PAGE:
Typically, the modern audience associates burial and funerary ritual in ancient Egypt with the iconic imagery of the Pharaonic period – meticulously mummified bodies locked away deep in tombs filled with ancient treasures. However, the practice of preserving the body after death and providing assemblages of burial objects dates much earlier, going as far back as at least c. 6000 years ago. These early burials – such as the iconic Gebelein Predynastic “mummies” – did not go through a deliberate process of preservation, but instead were naturally desiccated by the desert environment that they were buried in.
The lack of written language and knowledge of Predynastic funerary ritual poses a problem for the modern Egyptologist – how to interpret the assemblages of goods that were deposited alongside the body. Without any literature to allow the Egyptians themselves to “tell” us why they included these objects in burials, we must carefully extrapolate and interpret the meanings and significance behind these objects. It is undeniable, however, that their inclusion in burials illustrates that these objects proved important in some fashion for the deceased.
The most common grave good found in Predynastic burials is the simple pot. These come in various forms but decorated (or D-Ware) vessels are of particular interest. These vessels were painted with iconography and imagery reflective of the geography of the Nile Valley, the natural flora and fauna of the region, and human activities. Often, they include depictions of boats indicating the importance of riverine trade in the Predynastic.
The decoration used on Predynastic D-Ware vessels gives modern scholars an insight into the motifs and iconography that were important or relevant to ancient Egyptian culture at this time (E.3033).
Generally, Predynastic burials contain numerous ceramics, often placed over the body or alongside it. Occasionally these vessels contain other grave goods, such as ceramic figurines. Whether the inclusion of these vessels indicates that they belonged to the deceased or their family is unclear; they may have been included in burials for a specific ritual purpose, or as goods that could be taken to the next life.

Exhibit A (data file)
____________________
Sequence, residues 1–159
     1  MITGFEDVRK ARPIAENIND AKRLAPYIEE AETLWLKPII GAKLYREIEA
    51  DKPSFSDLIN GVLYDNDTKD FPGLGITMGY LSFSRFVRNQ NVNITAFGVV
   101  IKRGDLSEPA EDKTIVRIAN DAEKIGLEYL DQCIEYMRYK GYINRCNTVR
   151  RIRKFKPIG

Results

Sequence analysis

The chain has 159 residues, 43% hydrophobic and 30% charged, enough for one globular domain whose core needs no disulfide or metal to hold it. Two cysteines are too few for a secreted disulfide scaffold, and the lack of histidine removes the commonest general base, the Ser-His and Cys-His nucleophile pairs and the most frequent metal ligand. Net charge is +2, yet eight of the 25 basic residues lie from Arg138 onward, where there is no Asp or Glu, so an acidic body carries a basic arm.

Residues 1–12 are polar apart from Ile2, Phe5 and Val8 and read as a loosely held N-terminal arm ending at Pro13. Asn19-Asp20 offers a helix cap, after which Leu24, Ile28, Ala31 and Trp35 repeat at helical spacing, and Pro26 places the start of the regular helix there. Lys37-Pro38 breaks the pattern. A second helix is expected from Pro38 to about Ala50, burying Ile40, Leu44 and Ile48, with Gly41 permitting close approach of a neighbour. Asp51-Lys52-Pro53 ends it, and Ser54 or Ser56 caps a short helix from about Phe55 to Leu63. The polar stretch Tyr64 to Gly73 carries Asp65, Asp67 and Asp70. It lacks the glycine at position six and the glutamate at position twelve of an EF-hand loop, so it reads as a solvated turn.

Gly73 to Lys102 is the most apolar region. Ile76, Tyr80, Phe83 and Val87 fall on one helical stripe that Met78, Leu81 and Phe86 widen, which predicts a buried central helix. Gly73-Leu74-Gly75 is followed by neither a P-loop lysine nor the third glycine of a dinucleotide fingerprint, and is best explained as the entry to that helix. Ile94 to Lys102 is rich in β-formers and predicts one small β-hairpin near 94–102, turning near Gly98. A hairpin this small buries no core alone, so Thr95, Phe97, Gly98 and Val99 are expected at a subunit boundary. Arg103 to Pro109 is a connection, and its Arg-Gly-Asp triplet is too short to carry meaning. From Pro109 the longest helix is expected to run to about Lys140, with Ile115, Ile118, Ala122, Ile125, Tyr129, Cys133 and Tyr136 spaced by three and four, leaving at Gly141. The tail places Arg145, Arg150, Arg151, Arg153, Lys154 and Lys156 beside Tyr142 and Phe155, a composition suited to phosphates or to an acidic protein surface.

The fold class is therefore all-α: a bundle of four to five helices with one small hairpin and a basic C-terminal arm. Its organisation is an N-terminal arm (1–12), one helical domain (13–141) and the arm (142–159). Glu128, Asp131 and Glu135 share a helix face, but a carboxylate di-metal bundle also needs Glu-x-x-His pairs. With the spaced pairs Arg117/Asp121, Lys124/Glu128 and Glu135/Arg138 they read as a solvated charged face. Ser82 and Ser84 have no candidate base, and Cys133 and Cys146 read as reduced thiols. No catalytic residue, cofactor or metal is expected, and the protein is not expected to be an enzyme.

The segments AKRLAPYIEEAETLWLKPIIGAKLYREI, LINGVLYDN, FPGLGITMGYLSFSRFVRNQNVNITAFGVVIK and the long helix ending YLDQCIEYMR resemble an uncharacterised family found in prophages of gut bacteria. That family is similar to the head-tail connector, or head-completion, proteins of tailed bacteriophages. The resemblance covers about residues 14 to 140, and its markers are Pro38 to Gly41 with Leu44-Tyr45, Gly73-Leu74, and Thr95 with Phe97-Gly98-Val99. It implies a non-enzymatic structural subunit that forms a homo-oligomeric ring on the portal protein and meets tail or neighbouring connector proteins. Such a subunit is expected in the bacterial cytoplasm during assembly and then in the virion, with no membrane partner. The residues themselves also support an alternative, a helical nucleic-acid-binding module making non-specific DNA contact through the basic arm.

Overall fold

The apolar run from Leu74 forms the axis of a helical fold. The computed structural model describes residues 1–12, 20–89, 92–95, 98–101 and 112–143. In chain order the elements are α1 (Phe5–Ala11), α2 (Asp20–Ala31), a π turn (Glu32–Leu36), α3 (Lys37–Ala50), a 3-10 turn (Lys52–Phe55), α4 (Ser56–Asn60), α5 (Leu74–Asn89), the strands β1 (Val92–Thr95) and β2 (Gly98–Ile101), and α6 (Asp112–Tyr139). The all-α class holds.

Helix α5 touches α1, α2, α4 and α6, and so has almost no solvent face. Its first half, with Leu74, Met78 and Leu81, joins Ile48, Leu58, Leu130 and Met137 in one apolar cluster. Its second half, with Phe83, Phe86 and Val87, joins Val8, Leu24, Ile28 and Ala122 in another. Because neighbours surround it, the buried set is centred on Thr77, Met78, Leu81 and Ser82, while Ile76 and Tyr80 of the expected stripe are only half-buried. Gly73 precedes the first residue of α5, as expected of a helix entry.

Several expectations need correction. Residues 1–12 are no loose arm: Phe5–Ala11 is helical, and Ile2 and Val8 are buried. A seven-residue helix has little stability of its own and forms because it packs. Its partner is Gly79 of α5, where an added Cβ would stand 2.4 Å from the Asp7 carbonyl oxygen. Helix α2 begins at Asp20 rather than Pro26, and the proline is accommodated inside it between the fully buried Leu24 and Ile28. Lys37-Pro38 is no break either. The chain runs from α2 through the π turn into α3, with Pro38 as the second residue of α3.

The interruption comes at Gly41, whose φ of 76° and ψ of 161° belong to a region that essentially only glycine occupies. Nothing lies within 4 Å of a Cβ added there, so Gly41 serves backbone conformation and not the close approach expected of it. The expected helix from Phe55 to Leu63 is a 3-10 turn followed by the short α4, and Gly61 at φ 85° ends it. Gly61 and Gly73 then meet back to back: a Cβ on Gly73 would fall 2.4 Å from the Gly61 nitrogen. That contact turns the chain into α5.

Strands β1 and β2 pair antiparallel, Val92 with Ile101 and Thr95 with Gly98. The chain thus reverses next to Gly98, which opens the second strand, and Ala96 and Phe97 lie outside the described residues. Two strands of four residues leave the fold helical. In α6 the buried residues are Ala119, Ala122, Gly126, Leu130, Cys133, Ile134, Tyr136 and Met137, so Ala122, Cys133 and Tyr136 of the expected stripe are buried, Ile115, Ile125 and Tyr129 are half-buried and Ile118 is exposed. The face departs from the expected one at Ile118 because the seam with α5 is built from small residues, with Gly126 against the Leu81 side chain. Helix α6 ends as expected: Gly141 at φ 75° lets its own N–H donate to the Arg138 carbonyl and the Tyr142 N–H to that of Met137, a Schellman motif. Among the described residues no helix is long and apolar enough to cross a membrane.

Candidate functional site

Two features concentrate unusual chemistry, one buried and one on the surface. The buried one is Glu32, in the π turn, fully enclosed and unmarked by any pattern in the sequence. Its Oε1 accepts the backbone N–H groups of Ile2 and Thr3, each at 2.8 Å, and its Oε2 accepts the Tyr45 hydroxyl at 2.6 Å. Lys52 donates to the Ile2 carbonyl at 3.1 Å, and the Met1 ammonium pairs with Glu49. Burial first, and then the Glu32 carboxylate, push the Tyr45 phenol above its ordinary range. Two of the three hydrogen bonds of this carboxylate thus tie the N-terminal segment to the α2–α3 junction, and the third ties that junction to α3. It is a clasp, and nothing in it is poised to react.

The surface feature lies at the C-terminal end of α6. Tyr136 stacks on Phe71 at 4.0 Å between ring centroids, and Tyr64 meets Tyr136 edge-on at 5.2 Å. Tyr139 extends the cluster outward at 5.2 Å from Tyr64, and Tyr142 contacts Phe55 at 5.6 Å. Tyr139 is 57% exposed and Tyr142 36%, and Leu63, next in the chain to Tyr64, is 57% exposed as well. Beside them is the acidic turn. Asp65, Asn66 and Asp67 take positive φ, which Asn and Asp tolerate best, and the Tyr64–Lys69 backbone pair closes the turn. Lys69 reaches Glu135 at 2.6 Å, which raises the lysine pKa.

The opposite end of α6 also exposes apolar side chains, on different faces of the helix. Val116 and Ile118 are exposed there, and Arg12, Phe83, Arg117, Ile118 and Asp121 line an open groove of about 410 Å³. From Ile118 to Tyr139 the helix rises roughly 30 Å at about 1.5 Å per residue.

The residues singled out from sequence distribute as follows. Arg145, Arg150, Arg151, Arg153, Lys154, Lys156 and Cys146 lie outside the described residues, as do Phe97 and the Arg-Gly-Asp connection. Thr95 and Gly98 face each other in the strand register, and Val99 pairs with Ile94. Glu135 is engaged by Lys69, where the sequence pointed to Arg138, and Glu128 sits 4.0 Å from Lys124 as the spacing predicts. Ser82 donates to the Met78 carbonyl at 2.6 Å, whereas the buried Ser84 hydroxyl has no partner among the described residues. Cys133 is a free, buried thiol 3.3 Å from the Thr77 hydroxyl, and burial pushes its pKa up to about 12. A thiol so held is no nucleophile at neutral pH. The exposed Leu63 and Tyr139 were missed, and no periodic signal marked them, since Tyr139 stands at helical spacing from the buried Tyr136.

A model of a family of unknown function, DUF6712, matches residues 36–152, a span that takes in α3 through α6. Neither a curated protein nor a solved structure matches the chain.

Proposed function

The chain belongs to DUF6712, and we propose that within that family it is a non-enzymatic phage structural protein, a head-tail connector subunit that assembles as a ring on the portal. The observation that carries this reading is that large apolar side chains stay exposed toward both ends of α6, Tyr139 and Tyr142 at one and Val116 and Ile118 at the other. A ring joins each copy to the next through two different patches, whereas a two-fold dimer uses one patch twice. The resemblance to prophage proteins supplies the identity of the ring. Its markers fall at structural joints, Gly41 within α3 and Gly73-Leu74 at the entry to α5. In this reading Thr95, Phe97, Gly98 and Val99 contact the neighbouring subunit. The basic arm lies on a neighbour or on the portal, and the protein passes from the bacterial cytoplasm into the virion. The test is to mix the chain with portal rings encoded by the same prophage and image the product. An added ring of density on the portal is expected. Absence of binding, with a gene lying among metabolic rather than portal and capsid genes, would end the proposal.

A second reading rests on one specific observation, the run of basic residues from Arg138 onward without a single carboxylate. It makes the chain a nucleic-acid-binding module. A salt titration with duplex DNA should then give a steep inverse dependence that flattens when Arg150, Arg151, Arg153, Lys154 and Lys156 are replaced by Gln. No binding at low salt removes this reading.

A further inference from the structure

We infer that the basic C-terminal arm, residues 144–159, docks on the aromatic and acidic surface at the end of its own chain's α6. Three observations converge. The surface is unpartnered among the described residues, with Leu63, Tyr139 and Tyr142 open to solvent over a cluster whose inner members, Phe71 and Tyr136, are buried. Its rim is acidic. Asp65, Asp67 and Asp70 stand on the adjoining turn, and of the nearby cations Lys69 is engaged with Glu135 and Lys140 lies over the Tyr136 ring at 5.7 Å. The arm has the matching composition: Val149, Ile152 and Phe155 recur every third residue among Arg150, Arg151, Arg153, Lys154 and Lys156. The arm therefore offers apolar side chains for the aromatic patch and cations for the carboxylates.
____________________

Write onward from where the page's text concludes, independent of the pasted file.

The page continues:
Petrie’s C-Ware is named for the iconic white ‘crossed-line’ decoration which can be seen on this bowl. This is another common form of pottery decoration in the Predynastic (E.4195).
Another very common grave good associated with the Predynastic is the cosmetic palette. These objects are most commonly made of siltstone (often described as ‘slate’) and come in a variety of forms. The Badarian and Naqada I period palettes are often simple oblong shapes on which pigmented material such as malachite could be ground up into cosmetic powder. In the later Naqada periods, however, palettes commonly took on a host of forms that reflected the fauna of the Nile Valley – common examples include turtles, fish and birds.
Fish-shaped palettes are a very common feature of graves in the Predynastic, further illustrating the importance of the river Nile and the fauna around and within it during this formative period of Egyptian culture (E.5318).
The use of animal shapes in these palettes has clear parallels across the breadth of Predynastic Egyptian art. Animal iconography is commonly found on Predynastic decorated vessels, taking the recognisable forms of turtles, birds, fish, hippopotami and other animal forms, indicating the importance of the natural world and the flora and fauna of the Nile Valley to Predynastic Egyptian social groups. Notably, residue from cosmetics and evidence of wear has been found on numerous palettes, indicating that they were not just burial goods but also were used in life – whether specifically by the deceased, or by someone with a familial/social relation to them.